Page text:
More than the screenplay, it's the direction, treatment, superb camerawork and credibly underlined performance from the leading lady that helps work up some shivers here!
The Invisible Man. Pic/Youtube
The Invisible Man
A; Horror, Mystery, Sci-Fi
Cast: Oliver Jackson-Cohen, Elisabeth Moss, Storm Reid, Aldis Hodge, Harriet Dyer, Amali Golden, Benedict Hardie, Zara Michales
Director: Leigh Whannell
Leigh Whannell's makeover of the 1933 classic Universal monster movie, The Invisible Man has a #MeToo horror spin and bears little resemblance to the 1897 H.G. Wells novel that inspired it. In fact, the screenplay appears to be a combo write-up of Sleeping with the Enemy and The Invisible Man with some generic horror elements thrown in for effect. Whannell leaves out much of the original story elements, reworking the basic premise to suit a 2020 outlook.
When Cecilia's (Elisabeth Moss) abusive ex Adrian Griffin (Oliver Jackson-Cohen), a brilliant scientist specializing in optics, takes his own life and leaves her his fortune (under certain conditions), she goes with the flow, little suspecting the trauma that awaits her thereafter. Her sister, Emily (Harriet Dyer), her friend, James (Aldis Hodge) and James' teenage daughter, Sydney (Storm Reid) find it easier to believe that she is going bonkers. A series of coincidences turn lethal and Cecilia becomes the typical unhinged suspect the police zero in on.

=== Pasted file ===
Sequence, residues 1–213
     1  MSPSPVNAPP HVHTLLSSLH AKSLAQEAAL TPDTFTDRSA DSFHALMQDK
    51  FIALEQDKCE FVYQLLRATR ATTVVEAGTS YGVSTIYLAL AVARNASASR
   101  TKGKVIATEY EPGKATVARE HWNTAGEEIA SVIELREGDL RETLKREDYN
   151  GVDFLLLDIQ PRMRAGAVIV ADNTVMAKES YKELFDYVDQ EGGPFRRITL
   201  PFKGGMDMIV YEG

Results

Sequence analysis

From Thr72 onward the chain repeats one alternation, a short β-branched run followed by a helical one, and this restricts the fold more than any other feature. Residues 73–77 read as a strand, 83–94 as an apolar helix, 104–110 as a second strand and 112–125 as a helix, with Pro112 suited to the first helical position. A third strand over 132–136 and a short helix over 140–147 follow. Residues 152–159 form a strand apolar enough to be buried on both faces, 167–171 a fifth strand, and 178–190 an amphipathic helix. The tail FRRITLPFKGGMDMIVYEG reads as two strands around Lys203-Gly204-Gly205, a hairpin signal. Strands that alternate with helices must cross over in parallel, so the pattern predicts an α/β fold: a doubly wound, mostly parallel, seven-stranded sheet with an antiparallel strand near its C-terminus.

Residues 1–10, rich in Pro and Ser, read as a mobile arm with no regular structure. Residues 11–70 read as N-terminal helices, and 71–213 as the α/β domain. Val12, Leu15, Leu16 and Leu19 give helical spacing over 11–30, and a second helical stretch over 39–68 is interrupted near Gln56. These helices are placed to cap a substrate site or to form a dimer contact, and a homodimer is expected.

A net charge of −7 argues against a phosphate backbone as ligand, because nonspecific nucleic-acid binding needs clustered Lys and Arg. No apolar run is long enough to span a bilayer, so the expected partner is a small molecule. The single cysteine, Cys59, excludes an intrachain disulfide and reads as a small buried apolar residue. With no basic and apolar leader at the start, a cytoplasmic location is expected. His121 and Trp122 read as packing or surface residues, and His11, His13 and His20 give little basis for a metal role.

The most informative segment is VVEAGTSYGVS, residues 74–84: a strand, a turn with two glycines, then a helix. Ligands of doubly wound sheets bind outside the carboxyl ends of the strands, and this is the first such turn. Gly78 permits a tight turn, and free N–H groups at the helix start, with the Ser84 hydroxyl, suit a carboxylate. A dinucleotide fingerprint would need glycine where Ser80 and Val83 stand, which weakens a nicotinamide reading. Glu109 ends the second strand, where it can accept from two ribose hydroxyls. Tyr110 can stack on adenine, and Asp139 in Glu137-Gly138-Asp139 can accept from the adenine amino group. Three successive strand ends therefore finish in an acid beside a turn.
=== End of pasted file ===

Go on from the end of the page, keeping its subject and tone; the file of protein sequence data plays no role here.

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Leigh Whannell, writer of films like Saw and Insidious, credited here with story, screenplay and direction builds up a fairly gritty, taut and atmospheric series of startling, tense moments as Cecilia appears to come unhinged. Whannell's screenplay concentrates on investing his characters with believable emotional arcs. Elisabeth Moss's convincing essay of a traumatised mind becomes imminently believable in such a scenario.
The opening sequence is the most intriguing one in the entire film. Cecilia is in the process of orchestrating an escape from the house she shares with her controlling, abusive lover. The use of surveillance footage and the panning camera suggests possibilities that you might at first overlook. The opening view of the crashing of waves against a post-modern ocean view mansion is majestic.
Whannell's narrative is breathtakingly suspenseful for most of its runtime. Unfortunately, the endplay fritters it all away. It feels rather familiar, twisty and more in keeping with genre tricks than realism. While the shocks are limited, they come at times when you are least expecting them. More than the screenplay, it's the direction, treatment, superb camerawork and credibly underlined performance from the leading lady that helps work up some shivers here!